Season the chicken with salt and pepper. Heat a Dutch oven over medium high heat and add the olive oil, heating until the oil is shimmering. Add the chicken and cook, turning once until well browned on both side, about 4 minutes per side. Transfer chicken to a clean plate. Add celery, carrots, fennel, onion and garlic to the Dutch oven. Cook vegetables over high heat until the caramelize, stirring to prevent sticking. Add tomato paste and sauce and saute the mixture for about 5 minutes. Add the wine and using a wooden spoons, scrape the fond (brown bits) from the bottom of the pot.

Add the tomatoes, thyme, parsley and stock to the pot. Bring the liquid to a simmer. Return the chicken to the pot, cover and place it in the oven, in the center of the rack.

Bake until the chicken is tender as it falls away from the bones, 45 to 60 minutes.

To serve, remove the thyme and parsley and discard. Toss the celery leaves with the lemon juice. Divide the stew evenly among warmed wide shallow bowls and top with celery leaves. Serve immediately.

Cook’s Notes:
*Some substitutions can be made with this dish to suit your needs and what may be in the pantry or on hand in your kitchen.

Six to seven chicken quarters can be used instead of separated legs and thighs, which would be more economical and budget friendly.

Instead of fennel, 1 teaspoon of fennel seeds serves as a great replacement.

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Thank you so much!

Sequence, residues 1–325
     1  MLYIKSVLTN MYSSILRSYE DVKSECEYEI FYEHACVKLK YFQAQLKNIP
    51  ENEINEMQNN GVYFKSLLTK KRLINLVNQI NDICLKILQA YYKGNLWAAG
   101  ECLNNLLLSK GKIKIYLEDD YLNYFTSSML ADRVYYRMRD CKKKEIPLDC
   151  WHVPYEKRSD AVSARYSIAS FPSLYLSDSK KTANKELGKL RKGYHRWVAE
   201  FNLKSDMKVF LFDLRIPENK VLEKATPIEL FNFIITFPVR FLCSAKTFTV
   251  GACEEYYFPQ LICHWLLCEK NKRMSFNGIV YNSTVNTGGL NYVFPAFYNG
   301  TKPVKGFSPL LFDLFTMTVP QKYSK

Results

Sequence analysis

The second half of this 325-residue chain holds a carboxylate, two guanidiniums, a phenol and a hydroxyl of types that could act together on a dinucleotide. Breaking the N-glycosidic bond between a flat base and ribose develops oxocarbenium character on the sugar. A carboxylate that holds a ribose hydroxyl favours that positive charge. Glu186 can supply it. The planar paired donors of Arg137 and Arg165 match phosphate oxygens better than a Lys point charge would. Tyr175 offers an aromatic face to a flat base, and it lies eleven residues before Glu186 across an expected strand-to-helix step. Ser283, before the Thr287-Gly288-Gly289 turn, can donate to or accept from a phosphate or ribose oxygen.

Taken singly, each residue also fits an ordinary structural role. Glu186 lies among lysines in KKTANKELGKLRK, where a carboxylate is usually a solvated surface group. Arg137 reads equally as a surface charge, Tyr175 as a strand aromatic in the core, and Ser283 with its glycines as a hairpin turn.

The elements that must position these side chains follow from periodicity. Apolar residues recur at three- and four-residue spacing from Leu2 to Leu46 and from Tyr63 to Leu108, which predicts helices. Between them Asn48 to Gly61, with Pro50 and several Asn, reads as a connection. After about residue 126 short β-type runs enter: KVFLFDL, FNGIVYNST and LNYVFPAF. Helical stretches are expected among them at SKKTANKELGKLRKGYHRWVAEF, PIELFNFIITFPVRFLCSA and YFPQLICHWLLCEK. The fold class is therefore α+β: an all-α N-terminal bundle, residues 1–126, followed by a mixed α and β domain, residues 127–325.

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Vietnamese Caramel Chicken

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This  main dish is an addictive take on ga kho gung, a spicy Vietnamese caramelized chicken with ginger and fish sauce, that is sweetened with onions, carrots, garlic, and light brown sugar.

Adapted from LAURA REGE
Food & Wine Magazine
January 2018

Serves 4

Ingredients:
4 whole chicken legs (2 1/2 pounds)
Kosher salt, to taste
Fresh ground black pepper, to taste
4 tablespoons canola oil, divided
I medium white onion, thinly sliced
1 large carrot, julienned
4 garlic cloves, minced
2 teaspoons ground ginger
1/2 cup light brown sugar
3 tablespoons rice vinegar
2 tablespoons fish sauce
2 whole Vietnamese Red Bird Chilies
1 Jalapeño pepper, sliced
2 tablespoons chopped cilantro or scallions, for garnish (optional)

Directions:
Season chicken with salt and pepper. In a deep 12-inch skillet, heat 2 tablespoons oil. Add chicken to skillet, skin side down. Cook over moderately high heat until browned, about 5 minutes. Turn chicken and brown other side, about 4 minutes. Transfer the chicken to a plate. Pour the oil out of the skillet and discard.